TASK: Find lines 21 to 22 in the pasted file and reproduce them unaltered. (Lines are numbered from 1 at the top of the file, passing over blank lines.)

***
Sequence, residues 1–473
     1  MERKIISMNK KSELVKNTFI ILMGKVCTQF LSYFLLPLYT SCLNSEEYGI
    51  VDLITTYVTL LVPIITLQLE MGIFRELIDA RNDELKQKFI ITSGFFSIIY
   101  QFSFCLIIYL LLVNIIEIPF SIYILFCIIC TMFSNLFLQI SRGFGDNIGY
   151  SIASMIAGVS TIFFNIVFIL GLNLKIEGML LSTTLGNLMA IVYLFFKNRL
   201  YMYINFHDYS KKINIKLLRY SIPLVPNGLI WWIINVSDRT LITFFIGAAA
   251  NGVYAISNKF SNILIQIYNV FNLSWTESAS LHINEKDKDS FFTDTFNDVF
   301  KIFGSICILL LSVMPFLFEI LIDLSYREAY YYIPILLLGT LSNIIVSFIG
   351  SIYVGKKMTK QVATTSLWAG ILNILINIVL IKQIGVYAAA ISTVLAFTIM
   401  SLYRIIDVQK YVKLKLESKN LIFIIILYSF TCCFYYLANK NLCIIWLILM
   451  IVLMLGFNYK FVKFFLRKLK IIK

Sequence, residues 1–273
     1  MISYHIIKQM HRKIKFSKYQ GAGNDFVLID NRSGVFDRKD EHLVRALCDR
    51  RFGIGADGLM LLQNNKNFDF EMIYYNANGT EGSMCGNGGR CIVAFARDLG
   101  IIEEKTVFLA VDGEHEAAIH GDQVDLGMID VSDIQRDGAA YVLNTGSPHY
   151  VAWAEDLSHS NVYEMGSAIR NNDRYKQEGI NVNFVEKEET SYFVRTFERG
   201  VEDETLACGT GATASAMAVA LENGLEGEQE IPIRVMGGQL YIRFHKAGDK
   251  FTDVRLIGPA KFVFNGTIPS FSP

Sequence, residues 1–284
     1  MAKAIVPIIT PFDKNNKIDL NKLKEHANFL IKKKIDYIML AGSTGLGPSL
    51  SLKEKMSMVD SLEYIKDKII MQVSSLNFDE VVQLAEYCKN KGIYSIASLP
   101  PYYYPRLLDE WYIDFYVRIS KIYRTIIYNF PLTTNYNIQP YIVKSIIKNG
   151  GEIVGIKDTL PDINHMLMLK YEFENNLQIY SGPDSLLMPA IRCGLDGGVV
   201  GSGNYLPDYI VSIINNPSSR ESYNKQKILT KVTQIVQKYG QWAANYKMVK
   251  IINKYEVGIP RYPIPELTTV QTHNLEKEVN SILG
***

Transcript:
    51  SLKEKMSMVD SLEYIKDKII MQVSSLNFDE VVQLAEYCKN KGIYSIASLP
   101  PYYYPRLLDE WYIDFYVRIS KIYRTIIYNF PLTTNYNIQP YIVKSIIKNG